The first of the contenders is Robert Kain, the company’s director of operations for North and South America. Former colleagues say the American, who joined the company in 1976, is adept at client handling and has done much to develop tennis projects, which along with golf, has been one of the cornerstones of the company’s success.
Alastair Johnston, director of operations for Asia, Australia and the Pacific Rim, is another contender. His strength lies in managing new business ventures. He, for instance, worked closely with Arnold Palmer to develop his network of business interests, which range from building golf courses to running car dealerships. He has been with IMG since 1972.
The third member of this group is Ian Todd, director of operations in Europe, Africa, and the Middle East, who joined the company in 1971. Over the years the Englishman has built strong relationships with the world’s most powerful governing bodies like the foot ball authorities FIFA and UEFA, and the International Olympic Committee. These links led him to be appointed as marketing director to the organising committee of the 1992 Albertville Winter Olympic Games.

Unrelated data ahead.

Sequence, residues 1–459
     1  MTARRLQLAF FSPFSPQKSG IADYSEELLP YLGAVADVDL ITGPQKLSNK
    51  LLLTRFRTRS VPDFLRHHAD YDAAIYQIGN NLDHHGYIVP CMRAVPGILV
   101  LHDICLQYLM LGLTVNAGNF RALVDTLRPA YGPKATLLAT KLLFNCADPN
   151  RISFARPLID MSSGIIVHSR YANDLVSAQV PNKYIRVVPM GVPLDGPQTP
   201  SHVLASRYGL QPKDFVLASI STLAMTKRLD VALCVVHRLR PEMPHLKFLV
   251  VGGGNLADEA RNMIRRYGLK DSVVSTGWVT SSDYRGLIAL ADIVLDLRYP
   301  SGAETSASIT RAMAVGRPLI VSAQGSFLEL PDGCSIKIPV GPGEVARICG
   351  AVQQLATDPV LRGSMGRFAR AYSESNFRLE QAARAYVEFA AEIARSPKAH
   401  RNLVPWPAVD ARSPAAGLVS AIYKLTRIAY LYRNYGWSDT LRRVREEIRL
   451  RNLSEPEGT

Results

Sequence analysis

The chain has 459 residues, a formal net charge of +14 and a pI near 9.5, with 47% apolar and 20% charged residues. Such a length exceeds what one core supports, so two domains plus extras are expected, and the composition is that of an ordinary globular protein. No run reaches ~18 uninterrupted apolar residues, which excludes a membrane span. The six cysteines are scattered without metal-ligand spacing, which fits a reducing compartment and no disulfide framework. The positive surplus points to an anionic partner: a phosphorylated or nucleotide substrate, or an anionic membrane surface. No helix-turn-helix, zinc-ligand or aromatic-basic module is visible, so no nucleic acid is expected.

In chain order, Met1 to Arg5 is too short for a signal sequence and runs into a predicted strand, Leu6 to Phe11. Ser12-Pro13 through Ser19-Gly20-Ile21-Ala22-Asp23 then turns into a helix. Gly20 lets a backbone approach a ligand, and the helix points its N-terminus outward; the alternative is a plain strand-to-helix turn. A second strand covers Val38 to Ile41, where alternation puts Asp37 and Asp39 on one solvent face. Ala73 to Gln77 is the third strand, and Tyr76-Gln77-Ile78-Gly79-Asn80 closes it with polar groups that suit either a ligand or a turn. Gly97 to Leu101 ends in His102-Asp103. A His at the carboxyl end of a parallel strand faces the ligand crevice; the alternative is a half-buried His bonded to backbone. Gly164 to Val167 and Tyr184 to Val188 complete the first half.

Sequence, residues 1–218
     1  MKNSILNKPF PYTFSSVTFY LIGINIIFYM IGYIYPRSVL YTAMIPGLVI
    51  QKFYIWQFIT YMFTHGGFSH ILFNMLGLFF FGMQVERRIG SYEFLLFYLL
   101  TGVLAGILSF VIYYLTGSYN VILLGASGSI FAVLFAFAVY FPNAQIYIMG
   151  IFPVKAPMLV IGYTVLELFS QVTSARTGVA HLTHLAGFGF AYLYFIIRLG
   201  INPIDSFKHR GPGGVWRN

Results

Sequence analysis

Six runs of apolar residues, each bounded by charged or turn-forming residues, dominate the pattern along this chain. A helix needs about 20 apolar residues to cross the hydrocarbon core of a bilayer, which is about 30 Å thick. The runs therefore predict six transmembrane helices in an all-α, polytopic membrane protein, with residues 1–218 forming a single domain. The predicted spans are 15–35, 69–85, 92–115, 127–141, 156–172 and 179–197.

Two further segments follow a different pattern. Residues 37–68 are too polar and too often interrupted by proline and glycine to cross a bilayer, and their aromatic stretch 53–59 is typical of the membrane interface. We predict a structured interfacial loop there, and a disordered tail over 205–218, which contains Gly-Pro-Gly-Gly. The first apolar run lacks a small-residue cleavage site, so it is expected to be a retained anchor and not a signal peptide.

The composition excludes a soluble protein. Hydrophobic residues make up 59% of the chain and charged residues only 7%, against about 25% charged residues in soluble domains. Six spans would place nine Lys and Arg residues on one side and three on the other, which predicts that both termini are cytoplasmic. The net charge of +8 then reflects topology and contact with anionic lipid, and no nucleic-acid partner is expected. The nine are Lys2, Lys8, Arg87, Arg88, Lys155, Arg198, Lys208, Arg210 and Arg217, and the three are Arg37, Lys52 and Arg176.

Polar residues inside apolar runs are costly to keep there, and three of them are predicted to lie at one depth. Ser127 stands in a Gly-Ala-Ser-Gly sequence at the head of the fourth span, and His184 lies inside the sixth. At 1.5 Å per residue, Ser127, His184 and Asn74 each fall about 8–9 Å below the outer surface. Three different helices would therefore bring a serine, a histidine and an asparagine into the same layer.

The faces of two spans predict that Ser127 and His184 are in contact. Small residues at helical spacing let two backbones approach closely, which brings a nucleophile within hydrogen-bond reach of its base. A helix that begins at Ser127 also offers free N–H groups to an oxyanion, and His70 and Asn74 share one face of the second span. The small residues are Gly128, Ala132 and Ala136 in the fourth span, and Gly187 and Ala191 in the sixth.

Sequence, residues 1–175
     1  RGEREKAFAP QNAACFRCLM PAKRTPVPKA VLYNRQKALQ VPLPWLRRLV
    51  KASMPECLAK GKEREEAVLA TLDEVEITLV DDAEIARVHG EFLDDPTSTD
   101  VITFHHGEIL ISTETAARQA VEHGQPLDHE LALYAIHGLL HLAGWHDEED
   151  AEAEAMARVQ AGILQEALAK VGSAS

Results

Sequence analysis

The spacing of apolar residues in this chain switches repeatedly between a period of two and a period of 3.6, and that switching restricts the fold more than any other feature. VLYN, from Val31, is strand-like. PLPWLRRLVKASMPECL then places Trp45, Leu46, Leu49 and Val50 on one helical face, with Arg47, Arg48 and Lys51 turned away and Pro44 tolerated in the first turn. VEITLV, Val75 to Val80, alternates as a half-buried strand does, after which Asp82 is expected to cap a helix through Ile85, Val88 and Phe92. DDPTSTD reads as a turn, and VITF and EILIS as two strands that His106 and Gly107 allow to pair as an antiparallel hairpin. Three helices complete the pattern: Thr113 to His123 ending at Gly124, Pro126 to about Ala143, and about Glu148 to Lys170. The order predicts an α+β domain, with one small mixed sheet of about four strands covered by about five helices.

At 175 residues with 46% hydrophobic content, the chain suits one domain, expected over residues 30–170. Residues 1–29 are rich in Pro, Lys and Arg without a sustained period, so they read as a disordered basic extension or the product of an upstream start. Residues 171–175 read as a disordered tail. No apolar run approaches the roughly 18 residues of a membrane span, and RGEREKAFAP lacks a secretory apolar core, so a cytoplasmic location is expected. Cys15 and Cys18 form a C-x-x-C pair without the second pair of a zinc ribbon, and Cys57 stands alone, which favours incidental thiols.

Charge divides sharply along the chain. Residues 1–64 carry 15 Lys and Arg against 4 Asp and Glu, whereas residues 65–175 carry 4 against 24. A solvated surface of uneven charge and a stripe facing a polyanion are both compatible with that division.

The three men work auto-nomously within their regions, report directly to McCormack, and are fiercely competitive. Patten comments: “Mark is the glue that holds the company together. When he goes, people will want to see how it holds together.”
Three further contenders for McCormack’s throne are his children: Breck, Todd and daughter Lesley, who all work for the family firm. It mirrors the situation at News Corporation, where Rupert Murdoch has been tussling with the problem of succession, and where the promotion of his children has caused internal friction.